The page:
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Bob Sutton

Great comment. I agree teachers should be paid much more and given higher stature in other ways... Singapore is a good example in some ways. But the use of test scores as the metric just isn't working and I also question the need to divide them into winners and losers. Think of quality logic... rather than assuming there will always be a lot of broken parts, why not pay enough money and provide enough supports so that nearly all the parts (teachers) are good -- and be extra aggressive about getting rid of the bad parts (teachers).

R. Cannon

One of the problems here is that almost every study cited inthe RAND article emphasizes the short term use of merit pay in isolated contexts with pre-existing employees. Essentially then, you are taking a sample group who self-selected into the profession (and the particular institutions) based on the pre-existing incentive structure. I taught in urban public schools for several years, and have often likened that work to that of rural family practitioners or, at the furthest extreme, nuns. The vast majority of the people in that line of work are essentially doing the work as a form of "service." Merit pay for nuns would probably not make the better and nunning, same for teachers (thus the teachers viewing it as a form of recognition). Where you DO see effects of merit pay are with systematic changes- either in new institutions recruiting a totally new teaching for or use at the national level (more so the latter) because it then attracts a workforce that is drawn to that system of incentives. There are plenty of smart folks who would great make teachers who also like the idea of being rewarded for success; in our country they become corporate trainers, lawyers, physicians, etc. etc. In nations where teaching is a high-status, high-paid, and high-expectation profession, it becomes a real possibility for that subgroup. There aren't enough nun's in the world to run all of our schools.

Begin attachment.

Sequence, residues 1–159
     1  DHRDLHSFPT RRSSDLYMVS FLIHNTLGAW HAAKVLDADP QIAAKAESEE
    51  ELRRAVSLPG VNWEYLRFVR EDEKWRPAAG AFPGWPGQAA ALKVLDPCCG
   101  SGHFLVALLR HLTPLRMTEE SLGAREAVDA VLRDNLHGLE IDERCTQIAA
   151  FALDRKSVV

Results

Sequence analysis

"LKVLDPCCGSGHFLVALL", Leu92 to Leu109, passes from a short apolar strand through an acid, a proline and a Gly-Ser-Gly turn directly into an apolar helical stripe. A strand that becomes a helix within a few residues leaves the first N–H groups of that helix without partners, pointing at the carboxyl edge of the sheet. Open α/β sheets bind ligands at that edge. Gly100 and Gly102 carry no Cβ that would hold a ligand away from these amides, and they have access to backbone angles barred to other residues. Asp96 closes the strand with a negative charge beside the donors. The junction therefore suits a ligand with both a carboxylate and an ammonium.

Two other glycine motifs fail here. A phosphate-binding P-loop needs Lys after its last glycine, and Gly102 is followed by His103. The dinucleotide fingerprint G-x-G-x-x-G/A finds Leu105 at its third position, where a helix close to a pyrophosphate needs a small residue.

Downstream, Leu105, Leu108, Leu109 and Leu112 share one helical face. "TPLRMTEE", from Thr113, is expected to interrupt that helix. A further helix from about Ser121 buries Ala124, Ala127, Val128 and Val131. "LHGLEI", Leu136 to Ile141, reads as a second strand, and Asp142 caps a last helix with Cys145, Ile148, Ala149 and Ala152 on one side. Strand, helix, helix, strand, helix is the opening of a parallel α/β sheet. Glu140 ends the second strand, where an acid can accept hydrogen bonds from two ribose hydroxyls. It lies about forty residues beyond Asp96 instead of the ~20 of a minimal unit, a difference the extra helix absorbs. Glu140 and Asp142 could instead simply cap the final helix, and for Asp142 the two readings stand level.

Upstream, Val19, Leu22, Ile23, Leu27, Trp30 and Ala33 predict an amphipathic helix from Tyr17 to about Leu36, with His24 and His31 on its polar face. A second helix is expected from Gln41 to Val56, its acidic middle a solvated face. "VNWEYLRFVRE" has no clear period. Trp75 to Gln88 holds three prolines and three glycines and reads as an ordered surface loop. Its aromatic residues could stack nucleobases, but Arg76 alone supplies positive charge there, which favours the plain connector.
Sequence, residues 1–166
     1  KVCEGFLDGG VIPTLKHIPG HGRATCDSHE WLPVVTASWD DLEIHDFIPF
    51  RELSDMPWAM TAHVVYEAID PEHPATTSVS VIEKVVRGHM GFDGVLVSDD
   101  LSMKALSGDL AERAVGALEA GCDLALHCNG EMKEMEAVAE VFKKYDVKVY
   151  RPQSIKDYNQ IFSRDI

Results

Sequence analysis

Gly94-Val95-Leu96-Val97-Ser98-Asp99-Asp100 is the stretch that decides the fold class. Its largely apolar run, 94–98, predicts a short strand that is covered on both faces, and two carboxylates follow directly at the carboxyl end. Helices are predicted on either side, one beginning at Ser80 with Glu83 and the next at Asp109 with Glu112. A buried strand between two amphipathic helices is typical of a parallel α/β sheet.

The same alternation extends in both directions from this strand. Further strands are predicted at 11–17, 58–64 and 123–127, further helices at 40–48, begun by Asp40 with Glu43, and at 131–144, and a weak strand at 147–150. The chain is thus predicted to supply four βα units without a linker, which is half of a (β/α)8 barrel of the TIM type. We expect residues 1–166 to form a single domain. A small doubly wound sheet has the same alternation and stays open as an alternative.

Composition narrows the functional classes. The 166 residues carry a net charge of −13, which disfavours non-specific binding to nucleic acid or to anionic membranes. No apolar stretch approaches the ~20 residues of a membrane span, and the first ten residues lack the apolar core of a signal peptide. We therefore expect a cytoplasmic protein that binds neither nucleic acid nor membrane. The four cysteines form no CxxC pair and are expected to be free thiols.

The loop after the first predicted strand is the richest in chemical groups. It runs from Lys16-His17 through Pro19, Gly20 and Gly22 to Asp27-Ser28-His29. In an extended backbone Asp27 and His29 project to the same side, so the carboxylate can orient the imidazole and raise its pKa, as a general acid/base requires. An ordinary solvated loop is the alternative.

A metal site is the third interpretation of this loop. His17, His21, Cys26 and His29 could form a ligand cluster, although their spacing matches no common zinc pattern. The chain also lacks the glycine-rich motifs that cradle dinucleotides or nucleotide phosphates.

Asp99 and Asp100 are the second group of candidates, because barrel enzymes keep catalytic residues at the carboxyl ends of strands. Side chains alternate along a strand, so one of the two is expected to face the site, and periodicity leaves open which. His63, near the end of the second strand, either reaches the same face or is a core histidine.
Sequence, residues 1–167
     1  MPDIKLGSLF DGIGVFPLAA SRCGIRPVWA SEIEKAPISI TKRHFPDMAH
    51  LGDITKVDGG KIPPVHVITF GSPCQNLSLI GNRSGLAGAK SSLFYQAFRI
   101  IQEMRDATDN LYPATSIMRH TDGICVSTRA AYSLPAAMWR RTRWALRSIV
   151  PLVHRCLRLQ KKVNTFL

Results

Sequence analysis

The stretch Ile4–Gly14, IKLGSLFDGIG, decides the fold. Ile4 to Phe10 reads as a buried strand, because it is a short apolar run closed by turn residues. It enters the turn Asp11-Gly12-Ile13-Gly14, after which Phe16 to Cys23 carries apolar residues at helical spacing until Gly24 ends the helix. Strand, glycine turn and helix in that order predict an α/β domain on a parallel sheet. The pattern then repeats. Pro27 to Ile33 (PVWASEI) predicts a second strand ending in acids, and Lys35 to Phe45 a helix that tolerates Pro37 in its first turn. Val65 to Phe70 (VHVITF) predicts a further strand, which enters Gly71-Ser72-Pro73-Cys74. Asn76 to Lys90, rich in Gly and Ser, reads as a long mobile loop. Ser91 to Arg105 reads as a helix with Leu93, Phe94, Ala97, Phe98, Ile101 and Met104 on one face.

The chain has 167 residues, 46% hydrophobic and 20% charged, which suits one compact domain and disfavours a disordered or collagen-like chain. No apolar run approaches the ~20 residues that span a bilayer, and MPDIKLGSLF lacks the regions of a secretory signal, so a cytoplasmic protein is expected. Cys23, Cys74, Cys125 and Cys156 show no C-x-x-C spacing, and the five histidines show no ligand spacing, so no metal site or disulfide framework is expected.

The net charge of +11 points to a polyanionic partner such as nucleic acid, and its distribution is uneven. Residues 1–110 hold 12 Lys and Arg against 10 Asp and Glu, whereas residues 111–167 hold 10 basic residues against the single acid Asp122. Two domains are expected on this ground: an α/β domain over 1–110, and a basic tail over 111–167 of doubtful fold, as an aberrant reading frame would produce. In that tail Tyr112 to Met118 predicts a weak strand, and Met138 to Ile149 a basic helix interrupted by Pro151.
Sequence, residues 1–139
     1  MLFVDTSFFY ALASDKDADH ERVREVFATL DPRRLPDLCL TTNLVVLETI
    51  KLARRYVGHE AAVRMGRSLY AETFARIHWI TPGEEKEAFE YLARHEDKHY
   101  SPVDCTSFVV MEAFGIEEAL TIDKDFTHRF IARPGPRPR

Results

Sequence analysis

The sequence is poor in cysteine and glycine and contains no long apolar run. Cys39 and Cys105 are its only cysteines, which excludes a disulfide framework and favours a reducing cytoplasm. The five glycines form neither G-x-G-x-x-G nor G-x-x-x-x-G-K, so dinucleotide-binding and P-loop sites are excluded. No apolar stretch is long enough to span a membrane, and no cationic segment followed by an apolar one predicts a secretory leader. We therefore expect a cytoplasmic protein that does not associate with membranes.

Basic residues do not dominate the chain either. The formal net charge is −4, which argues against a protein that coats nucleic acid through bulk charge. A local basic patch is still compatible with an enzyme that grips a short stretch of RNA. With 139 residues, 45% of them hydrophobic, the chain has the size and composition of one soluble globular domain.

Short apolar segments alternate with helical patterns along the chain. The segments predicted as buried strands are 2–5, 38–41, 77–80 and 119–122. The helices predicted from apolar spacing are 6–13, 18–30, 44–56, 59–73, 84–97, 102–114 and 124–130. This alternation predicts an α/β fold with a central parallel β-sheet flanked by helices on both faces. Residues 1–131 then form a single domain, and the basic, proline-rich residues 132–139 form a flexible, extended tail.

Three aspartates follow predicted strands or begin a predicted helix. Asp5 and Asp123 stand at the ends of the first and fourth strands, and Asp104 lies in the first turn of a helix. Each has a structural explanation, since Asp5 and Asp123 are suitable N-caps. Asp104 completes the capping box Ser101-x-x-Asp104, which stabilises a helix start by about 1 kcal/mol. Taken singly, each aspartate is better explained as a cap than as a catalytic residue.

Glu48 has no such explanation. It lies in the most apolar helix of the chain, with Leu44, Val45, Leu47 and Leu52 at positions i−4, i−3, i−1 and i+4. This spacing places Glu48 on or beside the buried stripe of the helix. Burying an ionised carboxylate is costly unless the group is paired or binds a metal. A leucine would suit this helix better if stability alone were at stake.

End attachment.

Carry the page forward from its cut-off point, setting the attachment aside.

http://www.hks.harvard.edu/pepg/MeritPayPapers/Woessmann_10-11.pdf

Anon

This reminds one of two things, both on dealing with systems -

1) the lessons of W. Edwards Deming's Red Bead Experiment:

Red bead example - http://maaw.info/DemingsRedbeads.htm

2) Donnella Meadows's statement to the effect that the favorite solutions people bring to solving system problems are usually wrong

Kevin Rutkowski

I'm glad to see that people are waking up again to the real effects of these incentives.

In addition to everything you said in your post, it seems to me that most of these incentives make the assumption that a student's performance on a test is based solely on what a teacher did with that student during the current year.

I had consistently good test scores in school regardless of whether a particular teacher I had in a given year was good or bad. Most of my teachers were good, so one bad one did not undo all of my education. Similarly, one good teacher cannot undo years of poor education.